The New York Times has issued several corrections regarding an article published two weeks ago insisting Attkisson was a “coronavirus doubter.”
After the article was published, Attkisson and her lawyers sent a letter to the Times demanding they correct their story or face a defamation lawsuit. The Times article was about five people, including Jerry Falwell Jr. and Dr. Drew, who doubted the severity of the coronavirus. As Attkisson’s attorneys stated in their letter, the Times’ article included “false and defamatory” statements regarding the ex-CBS journalist’s reporting on the coronavirus.
“Through a combination of discrete statements of fact, the defamatory headline, and the juxtaposition of defamatory statements concerning a small group of individuals with whom you have lumped Ms. Attkisson, the article conveys the false and defamatory gist that my client, among other things, lied to her readers and listeners, reported as fact lies that endanger the lives of the public, and otherwise violated the litany of ethical standards by which responsible journalists conduct themselves,” wrote Attkisson’s attorney G. Taylor Wilson of Wade, Grunberg & Wilson, LLC.
As The Daily Wire reported previously, the letter included 10 examples from the Times article that defamed Attkisson:
- The false and defamatory headline, “From Jerry Falwell Jr to Dr. Drew: 5 Coronavirus Doubters.”
- “While public health experts warn people to take precautions, these popular media figures insist that the virus is overhyped.”
- “Misinformation about the coronavirus continues to circulate across swaths of the American media – on popular podcasts, in blog podcasts, in blog posts, in online videos and on prime-time cable news shows – as recently as this week.”
- “Some are conservatives who insist the virus is being hyped for political purposes.”
- “Even as President Trump and the federal government’s top public health officials warn that the virus is not something to be taken lightly – and the authorities reported more coronavirus deaths in the United States on Wednesday – these commentators make misleading comments, cherry-pick facts and go so far as to claim that the virus could be a hoax or a North Korean Plot.”
- “One of Mr. Hannity’s top sources [Ms. Attkisson] selectively picks facts.”
- “In the past, she [Ms. Attkisson] has promoted the debunked theory that vaccines cause autism.”
- “The facts she has chosen recently to highlight falsely leave the impression that the deaths are not all that significant in number and largely contained to one facility.”
- “‘Look at those 30-some-odd deaths – most of them were from Washington State,’ Ms. Attkisson said last week on her podcast, adding that most of those were in an assisted-living facility. ‘The vast majority of those who passed away were from one cluster in the United States – almost none anywhere else.’”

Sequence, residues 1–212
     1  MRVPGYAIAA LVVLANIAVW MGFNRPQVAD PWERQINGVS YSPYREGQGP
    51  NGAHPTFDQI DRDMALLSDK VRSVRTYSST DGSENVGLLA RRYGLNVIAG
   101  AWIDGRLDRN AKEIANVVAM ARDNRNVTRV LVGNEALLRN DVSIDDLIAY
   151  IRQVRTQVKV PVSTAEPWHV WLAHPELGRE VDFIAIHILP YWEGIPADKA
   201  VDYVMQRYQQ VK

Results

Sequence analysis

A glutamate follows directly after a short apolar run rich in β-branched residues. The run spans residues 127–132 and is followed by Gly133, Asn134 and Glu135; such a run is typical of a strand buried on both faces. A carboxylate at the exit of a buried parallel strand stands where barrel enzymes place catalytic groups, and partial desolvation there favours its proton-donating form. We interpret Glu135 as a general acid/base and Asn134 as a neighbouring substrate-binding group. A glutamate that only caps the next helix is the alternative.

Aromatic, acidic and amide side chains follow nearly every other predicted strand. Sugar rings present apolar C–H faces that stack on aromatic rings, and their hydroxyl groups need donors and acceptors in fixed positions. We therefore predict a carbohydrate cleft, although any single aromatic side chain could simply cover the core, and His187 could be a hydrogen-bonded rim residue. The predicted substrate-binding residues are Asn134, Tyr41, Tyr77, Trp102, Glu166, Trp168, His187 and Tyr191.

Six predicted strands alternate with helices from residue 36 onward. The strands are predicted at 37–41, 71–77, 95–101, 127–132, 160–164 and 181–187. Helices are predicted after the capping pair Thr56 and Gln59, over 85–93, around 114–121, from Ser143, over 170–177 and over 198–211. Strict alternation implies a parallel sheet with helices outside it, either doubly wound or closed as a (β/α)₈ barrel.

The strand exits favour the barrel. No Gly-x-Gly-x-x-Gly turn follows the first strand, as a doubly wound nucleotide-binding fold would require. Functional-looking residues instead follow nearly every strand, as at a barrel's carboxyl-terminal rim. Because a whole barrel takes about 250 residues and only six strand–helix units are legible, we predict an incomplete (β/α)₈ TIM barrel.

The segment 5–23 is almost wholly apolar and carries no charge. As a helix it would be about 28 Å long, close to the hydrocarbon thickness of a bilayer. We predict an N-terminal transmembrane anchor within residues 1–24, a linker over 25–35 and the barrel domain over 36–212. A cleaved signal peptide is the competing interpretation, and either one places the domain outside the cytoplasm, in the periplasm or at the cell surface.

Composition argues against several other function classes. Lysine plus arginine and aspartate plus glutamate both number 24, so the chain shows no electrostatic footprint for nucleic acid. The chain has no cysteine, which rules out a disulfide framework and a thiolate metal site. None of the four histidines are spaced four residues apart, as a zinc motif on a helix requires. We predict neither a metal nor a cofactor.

- “And yet visitors to Ms. Attkisson’s website this week might have come away confused about the severity of the virus, as there were several ads for high-grade protective masks.”
On April 1, the Times issued a correction to the article and changed the language surrounding Attkisson. The correction reads:
An earlier version of this article referred imprecisely to statements made by Sharyl Attkisson. Ms. Attkisson accurately reported the number and location of U.S. coronavirus deaths, as of the date of her March 13 podcast. Separately, a reference to advertisements for protective masks that appeared on Ms. Attkisson’s website has been removed.
Attkisson wrote on her personal website that before her attorneys sent the letter, she contacted Times editor Carolyn Ryan about the needed changes, reporting her complaints were dismissed. Attkisson said: “Ryan defended the article by saying that because I had reported on coronavirus deaths– in a way The Times acknowledges was perfectly accurate– readers could somehow be misled into believing they were not at much risk if they were not in a high risk group.”
When Attkisson explained that the major authorities on coronavirus – including the Dr. Anthony Fauci, the CDC, and the Surgeon General, along with the Times itself – reported the same numbers and asked how readers could be “misled” when she reported the same facts as others. She said Ryan didn’t respond.
“Wiser heads ultimately prevailed. Lawyers at The New York Times have now forced multiple corrections in the defamatory article. Even with the revisions, false implications remain… but the corrections are a step in the right direction,” Attkisson wrote.